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Why Reading Church History Will Make You Love God More

Luke H. Davis
Why Reading Church History Will Make You Love God More

Once when I was much younger, our family was vacationing in Colorado. There were all sorts of activities at the conference center in the Sangre de Cristo range where we stayed, but one I remembered was horseback riding. Our entire family saddled up on several noble beasts and headed out for a leisurely plod over the surrounding territory. As time went by, two things became apparent. One, riding a horse was a calming endeavor. Two, the beauty of the Colorado outdoors—the sunny skies, the towering trees, and the singing birds—overwhelmed you. Reacting to the tremendous scenery all around him, my youngest brother Joel expressed what anyone would say: “I feel small.”


          The grandeur of the Rockies isn’t the only thing that can dwarf us. Taking a look at the triumph, tragedies, dreams, and struggles of Christ’s followers over the past twenty centuries has a way of making us feel small, if we are honest. Taking in the great sweep of church history helps us realize many have come before, forming and influencing our faith in ways we need to appreciate. It is the instructional and inspiring nature of church history that I seek to bring home to readers in the entire five–volume set of my Risen Hope series for younger readers.


          Aside from having an interest in the subject, why should young people (and the young at heart) read church history? Well, I’d offer that church history is a biblically encouraged activity. In II Timothy 3:14, Paul encourages Timothy to “continue in what you have learned and have firmly believed, knowing from whom you learned it.” Those people from whom Timothy received the Gospel included Timothy’s grandmother Lois, his mother Eunice, and Paul himself (II Timothy 1:5–6). When we read stories of Christians acting in history’s drama, then we receive fresh courage because we see the Gospel lived out in others, helping us to continue in what we have believed.

The important and most thrilling things in life get imprinted in our hearts through stories.

But when we remember such people, we need ways to have these memories fastened to our inner beings. The important and most thrilling things in life get imprinted in our hearts through stories. The most wonderful and touching thing anyone can do for you is to make and keep promises that endure. In church history, we have both. Jesus makes his promise: “I will build my church and the gates of hell will not prevail against it” and it will spread “to the ends of the earth; and I am with you always.” The storyline of church history asks and answers the question, “Will Jesus live up to his promise through ordinary people doing unbelievable things?” And the answer is yes. This is where the Risen Hope series is so helpful and encouraging.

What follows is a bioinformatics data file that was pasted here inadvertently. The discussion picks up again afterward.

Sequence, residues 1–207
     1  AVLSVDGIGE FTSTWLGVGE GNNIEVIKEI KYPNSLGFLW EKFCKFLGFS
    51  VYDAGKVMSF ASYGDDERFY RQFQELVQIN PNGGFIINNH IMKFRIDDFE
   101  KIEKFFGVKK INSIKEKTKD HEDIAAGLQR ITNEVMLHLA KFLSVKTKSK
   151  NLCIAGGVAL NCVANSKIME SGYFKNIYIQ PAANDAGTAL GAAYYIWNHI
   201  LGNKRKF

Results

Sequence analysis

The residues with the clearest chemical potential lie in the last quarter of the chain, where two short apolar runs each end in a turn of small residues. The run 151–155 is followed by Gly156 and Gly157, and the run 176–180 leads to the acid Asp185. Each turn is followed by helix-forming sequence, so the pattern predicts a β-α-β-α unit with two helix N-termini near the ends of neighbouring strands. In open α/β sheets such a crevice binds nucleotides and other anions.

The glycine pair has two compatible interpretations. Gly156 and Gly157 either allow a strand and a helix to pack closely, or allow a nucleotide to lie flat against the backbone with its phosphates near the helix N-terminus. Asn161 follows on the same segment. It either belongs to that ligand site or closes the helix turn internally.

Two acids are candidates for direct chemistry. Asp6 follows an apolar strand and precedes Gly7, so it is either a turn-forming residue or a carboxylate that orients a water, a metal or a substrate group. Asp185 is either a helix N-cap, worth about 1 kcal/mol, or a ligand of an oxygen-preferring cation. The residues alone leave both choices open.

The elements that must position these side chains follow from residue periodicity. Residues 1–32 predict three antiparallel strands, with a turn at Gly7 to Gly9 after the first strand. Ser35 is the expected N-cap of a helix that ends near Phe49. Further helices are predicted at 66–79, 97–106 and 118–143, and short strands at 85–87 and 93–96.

What was it like to sit in the imperial hall at Nicea and listen to Athanasius stand up against his detractors, boldly demonstrating from Scripture that Jesus is truly the eternal Son of God and that this matters for Christians everywhere? Read Redemption: The Church in Ancient Times, and you’ll know.


          What was Stephen Langton thinking as he walked across the dewy grass at Runnymede, England to present the Magna Carta to King John, knowing it would be disregarded in the future but was willing to begin the attempt to restrict the power of kings? You’ll discover that in Reign: The Church in the Middle Ages.

Would Lady Jane Grey yield to Queen Mary and deny her Protestant faith, or would she remain faithful in prison all the way to death? The answer lies in Reform: The Church at the Birth of Protestantism.


Can you imagine the squalor and smell of nineteenth–century Paris as Emilie Mallet scoured the city, looking for children she could rescue from the plague of cholera? Your senses will come alive in Renewal: The Church That Expands Outward.

Do you want a bystander view of C.S. Lewis as he defends Christianity with a skeptic in an Oxford pub, of Corrie ten Boom as she labors in the concentration camp at Ravensbrück, or of Benjamin Kwashi as he prays while an inch from possible death? The sights and sounds of these events come through in living color in Resolve: The Church That Endures Onward.

Stories like these await you through the entire Risen Hope series. But ultimately, I hope you don’t merely enjoy the stories. I would hope that, as you see Jesus’ promise to establish his Church coming true, you will find yourself as a part of God’s story of redemption. And if you come to love that story, you will come to love God more dearly than you did before.

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Risen Hope Box Set

The Church Throughout History

Luke H. Davis
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